In 2007, Greg Ball sent a mass email out to thousands of people in the Greater Washington, DC area telling everyone something to the effect that Greg was in charge of the Courage Cup and the match would be held at Morven Park in Loudoun County with Tareq Salahi. He basically said that we were unauthorized and that people shouldn’t have anything to do with us. The Washington Post even picked up on this foolishness. The Courage Cup issued a press release in January to correct the erroneous information Greg had sent out to the Washington community. After some emails and phone calls between our attorneys, I had to meet with Tareq, Michaele, Greg Ball and his entire entourage at Akin Gump, the law firm which provided pro bono legal services to The Courage Cup. There was a cloud of negativity and uncertainty over The Courage Cup which made it very difficult for me and my committee to find sponsors for the 2007 event. A compromise was reached after The Courage Cup board member, Phil Karber who is active in the polo community and sits on the board of Great Meadow informed Charlie Muldoon what Greg had been doing with The Courage Cup. Charlie had not been aware. Phil suggested we put Charlie and Tareq on the board of The Courage Cup. After the bullying behavior Tareq exhibited to me and my girlfriends, I told Phil I’d rather dissolve the charity than put Tareq on the board. We added Charlie to the board, and then Phil Karber, Charlie Muldoon and Lezlie Hiner issued a joint press release about the controversy. In June, right before our match, The Washington Post’s Reliable Source unearthed the reason why bills from the 2005 event had never been paid — the money had been funneled to Greg’s NY State Assembly race.
Tareq created the allegedly scandal-ridden America’s Cup after not being able to get control of The Courage Cup, and his event became somewhat of a competitor of The Courage Cup, as we were targeting the same corporate sponsors, celebrity polo players, and attendees, Like most things Salahi, . Tareq’s America’s Cup was over-the-top. They promised a big famous rock concert, and the Queen of England, and our Courage Cup couldn’t and wouldn’t want to compete with that, so needless to say support shifted to the America’s Cup, and some of the new polo fundraisers that were sprouting up. After a few of the America’s Cup events, sponsors and attendees became increasingly unhappy with various issues of the America’s Cup events. Several corporations around Washington want nothing to do with polo after their experience with America’s Cup. I feel like this negative impression and the surrounding drama has hurt other local polo fundraisers.
I have stayed away from all things America’s Cup and Salahi, but in 2009 I was doing event planning, PR and creating the website for Innocents at Risk. The Salahis asked the Founder of Innocents at Risk to be a charity partner for America’s Cup. I recommended the charity not associate themselves with the event, and was skeptical that it would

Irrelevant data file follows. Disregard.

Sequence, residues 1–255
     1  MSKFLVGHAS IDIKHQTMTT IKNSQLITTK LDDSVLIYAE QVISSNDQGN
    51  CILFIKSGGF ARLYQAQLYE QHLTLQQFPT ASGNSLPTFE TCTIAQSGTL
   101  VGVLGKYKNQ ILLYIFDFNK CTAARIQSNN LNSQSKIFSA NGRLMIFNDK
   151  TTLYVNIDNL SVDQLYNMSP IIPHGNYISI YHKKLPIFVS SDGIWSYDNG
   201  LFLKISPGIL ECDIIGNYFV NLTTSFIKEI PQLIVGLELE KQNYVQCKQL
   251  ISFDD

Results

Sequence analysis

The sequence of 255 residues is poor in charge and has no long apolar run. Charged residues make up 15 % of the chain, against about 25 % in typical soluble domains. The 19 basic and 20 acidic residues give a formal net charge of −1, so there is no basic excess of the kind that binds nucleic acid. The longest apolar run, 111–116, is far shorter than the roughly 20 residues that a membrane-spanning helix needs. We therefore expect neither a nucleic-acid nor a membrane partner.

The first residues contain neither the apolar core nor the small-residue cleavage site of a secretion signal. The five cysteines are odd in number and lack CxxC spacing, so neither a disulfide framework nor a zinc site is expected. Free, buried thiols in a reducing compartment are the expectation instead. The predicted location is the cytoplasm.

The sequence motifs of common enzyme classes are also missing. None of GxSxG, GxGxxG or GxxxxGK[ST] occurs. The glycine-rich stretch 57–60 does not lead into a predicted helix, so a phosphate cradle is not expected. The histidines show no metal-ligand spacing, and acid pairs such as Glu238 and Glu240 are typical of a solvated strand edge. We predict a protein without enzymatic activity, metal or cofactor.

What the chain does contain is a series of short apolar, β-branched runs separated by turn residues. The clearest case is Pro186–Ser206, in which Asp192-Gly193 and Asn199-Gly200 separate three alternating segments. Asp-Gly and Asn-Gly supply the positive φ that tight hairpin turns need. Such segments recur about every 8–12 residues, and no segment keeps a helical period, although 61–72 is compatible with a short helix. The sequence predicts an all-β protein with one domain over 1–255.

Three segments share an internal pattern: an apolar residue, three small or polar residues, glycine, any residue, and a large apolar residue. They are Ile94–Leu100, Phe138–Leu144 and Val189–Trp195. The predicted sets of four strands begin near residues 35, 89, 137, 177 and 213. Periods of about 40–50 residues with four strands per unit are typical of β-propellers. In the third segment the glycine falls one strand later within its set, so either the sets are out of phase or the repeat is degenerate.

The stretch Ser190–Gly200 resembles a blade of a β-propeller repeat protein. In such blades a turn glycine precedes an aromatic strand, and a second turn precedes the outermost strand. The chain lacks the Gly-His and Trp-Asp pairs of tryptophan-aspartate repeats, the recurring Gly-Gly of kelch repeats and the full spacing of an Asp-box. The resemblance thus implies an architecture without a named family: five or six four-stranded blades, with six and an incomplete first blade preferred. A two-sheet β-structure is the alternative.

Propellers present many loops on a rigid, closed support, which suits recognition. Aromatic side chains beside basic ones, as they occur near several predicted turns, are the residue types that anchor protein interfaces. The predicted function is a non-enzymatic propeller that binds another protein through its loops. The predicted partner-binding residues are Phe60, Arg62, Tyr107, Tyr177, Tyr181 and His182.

raise any money for them. Due to scheduling issues, I had to represent Innocents at Risk at a “press conference” Tareq and Michaele held before this past May’s America’s Cup match. From the looks of it, most of the “press” were the America’s Cup’s own cameras. As far as I know, Innocents at Risk never received money from America’s Cup aside from Tareq handing me his America’s Cup credit card to pay $40 for one of our fundraisers. I do know that after the America’s Cup in May, Tareq and Michaele asked Innocents at Risk for $2,500. I am no longer consulting Innocents at Risk, so I’m not sure what became of this. Soon after the May 2009 event, Tareq Salahi threatened to sue the great guys and gals of First Chukker Foundation.
Below is an excerpt from the Post’s latest update, but I highly recommend that my readers read the article in its entirety.
Tareq Salahi, 40, a polo player and wine expert, was also running up a sizable number of detractors.
He got involved in the Courage Cup, a polo match launched in 2004 by Greg Ball, a former Air Force officer. Salahi was later one of the board members who sided with Ball in a bitter feud (involving e-mails blasted to hundreds of area polo fans) over who controlled the event — Ball, or the two women he asked to run it in 2006 while he pursued a state legislature seat in New York.
A Post investigation later found that as much as $10,000 in ticket sales to the Poolesville, Md., match — though widely advertised as benefiting polo training for underprivileged kids — ended up in a political action campaign started by Ball, and eventually into his campaign treasury.
Salahi then launched America’s Polo Cup in 2007.
He and the event were sued for more than $300,000 by Market Salamander, a high-profile catering operation in Middleburg in 2008, alleging nonpayment of services for a Polo Cup event that was widely panned. (The Salahis counter sued.)
Market Salamander officials did not return calls Friday.
This spring, the organization hosted a United States-Italy polo match, with performances by Huey Lewis and the News and fireworks to benefit the Journey for the Cure Foundation, a Salahi-run charity that said it raised money for childhood diseases.
But the next week, the Virginia Department of Agriculture and Consumer Services sent out an official caution noting that the foundation had, as of three days after the event, “not registered with or been granted the appropriate exempt status by the Commissioner as required by law.”
The organization’s Web site now lists a federal tax ID number. It was not immediately clear whether the warning from the state has been resolved.
– Miss A